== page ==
According to spacetime state realism, the fundamental ontology of a quantum mechanical world consists of a state-valued field evolving in four-dimensional spacetime. One chief advantage it claims over rival wave-function realist views is its natural compatibility with relativistic quantum field theory. I argue that the original density operator formulation of SSR cannot be extended to QFTs where the local observables form type III von Neumann algebras. Instead, I propose a new formulation of SSR in terms of a presheaf of local (...) state spaces dual to the net of local observables studied by algebraic QFT. 1Introduction2Spacetime State Realism in Quantum Field Theory 2.1Equivalence thesis3Entanglement and the Type III Property 3.1No-Go Lemma 13.2No-Go Lemma 24State Space Axioms for Quantum Field Theory 4.1Revised equivalence thesis5Discussion. (shrink)
Humour is a universal feature of human life. In this Very Short Introduction Noel Carroll considers the nature and value of humour, from its leading theories and its relation to emotion and cognition, to ethical questions of its morality and its significance in shaping society.
On origins -- Adorning the feminine, or the language of fans -- Salon poets, the Bécquer craze, and Romanticism -- Textual economies : the embellishment of credit -- Fabricating history -- The dream of negation -- The margins of home : modernist cursilería -- The culture of nostalgia, or the language of flowers -- Coda : the metaphor of culture in post-Franco Spain.
Noel Malcolm presents his long-awaited critical edition of one of the most important philosophical works ever written. Hobbes's Leviathan (1651) is a classic of political theory and of English prose, studied at every university in the world. The English and Latin versions of the text are fully annotated, with a book-length introduction.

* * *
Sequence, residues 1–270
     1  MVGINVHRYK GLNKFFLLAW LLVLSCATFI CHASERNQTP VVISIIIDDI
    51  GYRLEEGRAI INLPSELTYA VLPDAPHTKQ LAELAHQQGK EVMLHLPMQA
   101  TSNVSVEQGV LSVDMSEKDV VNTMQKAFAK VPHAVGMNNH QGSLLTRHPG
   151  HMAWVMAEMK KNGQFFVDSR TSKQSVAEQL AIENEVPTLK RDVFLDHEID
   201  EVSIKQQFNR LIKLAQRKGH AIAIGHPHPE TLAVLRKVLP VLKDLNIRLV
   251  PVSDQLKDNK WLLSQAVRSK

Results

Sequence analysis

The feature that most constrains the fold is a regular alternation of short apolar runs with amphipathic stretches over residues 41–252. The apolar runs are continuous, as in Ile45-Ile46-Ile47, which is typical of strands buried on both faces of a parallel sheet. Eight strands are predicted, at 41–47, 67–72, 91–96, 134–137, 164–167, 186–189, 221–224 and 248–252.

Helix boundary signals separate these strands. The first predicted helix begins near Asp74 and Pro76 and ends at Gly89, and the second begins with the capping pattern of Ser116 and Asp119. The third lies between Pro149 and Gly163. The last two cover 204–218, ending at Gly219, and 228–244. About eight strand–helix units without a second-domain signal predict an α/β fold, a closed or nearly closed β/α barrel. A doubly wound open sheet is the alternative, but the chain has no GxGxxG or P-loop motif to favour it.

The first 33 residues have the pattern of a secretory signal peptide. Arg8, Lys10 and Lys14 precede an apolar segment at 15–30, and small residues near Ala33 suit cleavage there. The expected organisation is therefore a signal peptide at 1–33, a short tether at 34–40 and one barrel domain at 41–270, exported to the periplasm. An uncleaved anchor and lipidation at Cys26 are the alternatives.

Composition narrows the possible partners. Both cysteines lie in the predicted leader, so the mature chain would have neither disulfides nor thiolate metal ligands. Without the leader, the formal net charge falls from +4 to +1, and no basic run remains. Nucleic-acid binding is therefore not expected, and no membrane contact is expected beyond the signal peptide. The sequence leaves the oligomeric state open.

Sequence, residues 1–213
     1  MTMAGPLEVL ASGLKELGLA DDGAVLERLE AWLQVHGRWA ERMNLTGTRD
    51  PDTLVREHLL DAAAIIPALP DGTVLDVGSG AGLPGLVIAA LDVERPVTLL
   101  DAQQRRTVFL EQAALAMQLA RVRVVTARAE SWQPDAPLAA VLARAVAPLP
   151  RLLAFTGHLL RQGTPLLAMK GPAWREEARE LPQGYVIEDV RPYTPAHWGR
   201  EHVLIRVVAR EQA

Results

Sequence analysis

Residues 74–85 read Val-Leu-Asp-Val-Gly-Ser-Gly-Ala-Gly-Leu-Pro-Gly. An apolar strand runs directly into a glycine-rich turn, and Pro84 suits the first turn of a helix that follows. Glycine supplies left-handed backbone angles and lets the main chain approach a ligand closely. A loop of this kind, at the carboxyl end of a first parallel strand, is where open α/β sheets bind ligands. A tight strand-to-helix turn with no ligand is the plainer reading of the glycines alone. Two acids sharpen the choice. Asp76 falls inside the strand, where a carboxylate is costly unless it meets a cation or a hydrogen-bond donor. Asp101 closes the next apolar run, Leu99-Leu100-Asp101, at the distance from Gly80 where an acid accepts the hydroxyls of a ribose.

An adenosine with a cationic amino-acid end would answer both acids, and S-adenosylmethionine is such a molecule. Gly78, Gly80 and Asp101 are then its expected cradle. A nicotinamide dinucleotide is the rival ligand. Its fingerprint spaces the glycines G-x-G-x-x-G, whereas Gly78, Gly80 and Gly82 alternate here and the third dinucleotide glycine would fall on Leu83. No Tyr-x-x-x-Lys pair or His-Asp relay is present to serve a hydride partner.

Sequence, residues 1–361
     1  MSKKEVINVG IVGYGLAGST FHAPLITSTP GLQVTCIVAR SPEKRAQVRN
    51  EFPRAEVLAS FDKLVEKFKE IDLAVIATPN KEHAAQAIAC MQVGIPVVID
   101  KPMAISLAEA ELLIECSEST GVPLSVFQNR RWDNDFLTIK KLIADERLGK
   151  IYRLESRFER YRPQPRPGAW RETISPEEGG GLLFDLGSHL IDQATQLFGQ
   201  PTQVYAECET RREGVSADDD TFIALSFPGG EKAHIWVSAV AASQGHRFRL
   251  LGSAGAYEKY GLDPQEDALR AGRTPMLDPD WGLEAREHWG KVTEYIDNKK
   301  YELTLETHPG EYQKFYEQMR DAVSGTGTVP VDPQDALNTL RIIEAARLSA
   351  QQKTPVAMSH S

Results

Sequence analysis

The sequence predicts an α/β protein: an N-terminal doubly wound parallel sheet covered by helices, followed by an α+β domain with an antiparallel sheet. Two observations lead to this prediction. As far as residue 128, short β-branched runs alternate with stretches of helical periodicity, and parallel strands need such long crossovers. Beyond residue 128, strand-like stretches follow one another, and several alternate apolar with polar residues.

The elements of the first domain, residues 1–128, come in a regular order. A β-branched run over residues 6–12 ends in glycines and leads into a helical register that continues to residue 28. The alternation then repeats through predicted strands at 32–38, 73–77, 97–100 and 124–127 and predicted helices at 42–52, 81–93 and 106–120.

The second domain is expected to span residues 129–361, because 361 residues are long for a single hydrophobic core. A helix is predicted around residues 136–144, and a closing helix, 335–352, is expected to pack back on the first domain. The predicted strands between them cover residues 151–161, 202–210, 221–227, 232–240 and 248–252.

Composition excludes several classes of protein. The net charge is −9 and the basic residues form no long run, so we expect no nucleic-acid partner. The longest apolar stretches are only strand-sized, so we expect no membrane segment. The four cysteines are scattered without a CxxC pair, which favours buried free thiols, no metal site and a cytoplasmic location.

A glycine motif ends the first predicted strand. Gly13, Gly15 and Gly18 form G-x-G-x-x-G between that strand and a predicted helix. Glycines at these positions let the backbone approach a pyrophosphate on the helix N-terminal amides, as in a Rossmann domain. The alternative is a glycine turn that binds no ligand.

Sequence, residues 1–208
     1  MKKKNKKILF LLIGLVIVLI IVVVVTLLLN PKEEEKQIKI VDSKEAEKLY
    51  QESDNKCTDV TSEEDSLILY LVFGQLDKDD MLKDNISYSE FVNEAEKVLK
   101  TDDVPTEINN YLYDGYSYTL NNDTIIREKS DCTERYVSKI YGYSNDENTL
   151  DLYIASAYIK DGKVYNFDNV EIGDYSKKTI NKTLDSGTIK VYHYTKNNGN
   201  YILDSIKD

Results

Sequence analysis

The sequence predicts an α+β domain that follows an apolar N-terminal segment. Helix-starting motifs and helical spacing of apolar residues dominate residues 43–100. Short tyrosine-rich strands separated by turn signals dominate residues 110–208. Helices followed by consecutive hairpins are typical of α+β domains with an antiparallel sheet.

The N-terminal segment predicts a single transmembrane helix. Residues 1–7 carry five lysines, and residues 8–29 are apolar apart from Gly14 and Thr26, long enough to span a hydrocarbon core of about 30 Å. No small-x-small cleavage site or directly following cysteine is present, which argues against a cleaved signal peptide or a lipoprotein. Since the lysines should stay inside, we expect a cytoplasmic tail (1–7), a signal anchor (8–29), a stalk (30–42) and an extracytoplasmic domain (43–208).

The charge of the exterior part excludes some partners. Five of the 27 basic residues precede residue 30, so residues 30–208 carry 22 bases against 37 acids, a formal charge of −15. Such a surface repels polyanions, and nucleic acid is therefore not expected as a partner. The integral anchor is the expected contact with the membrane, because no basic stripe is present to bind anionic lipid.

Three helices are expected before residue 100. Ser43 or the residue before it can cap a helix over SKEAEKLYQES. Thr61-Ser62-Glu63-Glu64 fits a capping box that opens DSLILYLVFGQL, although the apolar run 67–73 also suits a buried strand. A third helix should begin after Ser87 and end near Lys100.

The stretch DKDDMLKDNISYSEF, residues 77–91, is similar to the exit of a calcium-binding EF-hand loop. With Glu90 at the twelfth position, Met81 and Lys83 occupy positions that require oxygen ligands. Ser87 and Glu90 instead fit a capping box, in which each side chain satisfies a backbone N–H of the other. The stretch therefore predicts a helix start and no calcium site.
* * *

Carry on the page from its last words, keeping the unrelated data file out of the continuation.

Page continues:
The Enron debacle, the demise of Arthur Andersen, questionable practices at Tyco, Qwest, WorldCom, and a seemingly endless list of others have pushed public regard for business and business leaders to new lows. The need for smart leaders with vision and integrity has never been greater. Things need to change-- and it will not be easy. We can take a first step toward producing better business leaders by changing some of our own ideas about what it means to "win." (...) class='Hi'>Noel M. Tichy and Andrew R. McGill have brought together a stellar group of contributors from a variety of perspectives-- including General Electric CEO Jeffrey Immelt, former Secretary of State James A. Baker III, and renowned management gurus Robert Quinn and C. K. Prahalad, among others-- to offer insights that will help build better leaders, communities, and organizations. They show how to present a "Teachable Point of View" about business ethics that will help all leaders within an organization: Internalize core values Build a values-based culture across the organization Become engaged to teach the same values lessons to their staff Take action and raise the ethical bar Successful business leaders must be able to articulate their own unique Teachable Point of View on business ethics and drive it through their organization to ensure that everyone knows the ethical line and is neither shy nor silent if others risk crossing it. (shrink)
Childcare robots are being manufactured and developed with the long term aim of creating surrogate carers. While total childcare is not yet being promoted, there are indications that it is 'on the cards'. We examine recent research and developments in childcare robots and speculate on progress over the coming years by extrapolating from other ongoing robotics work. Our main aim is to raise ethical questions about the part or full-time replacement of primary carers. The questions are about human rights, privacy, (...) robot use of restraint, deception of children and accountability. But the most pressing ethical issues throughout the paper concern the consequences for the psychological and emotional wellbeing of children. We set these in the context of the child development literature on the pathology and causes of attachment disorders. We then consider the adequacy of current legislation and international ethical guidelines on the protection of children from the overuse of robot care. (shrink)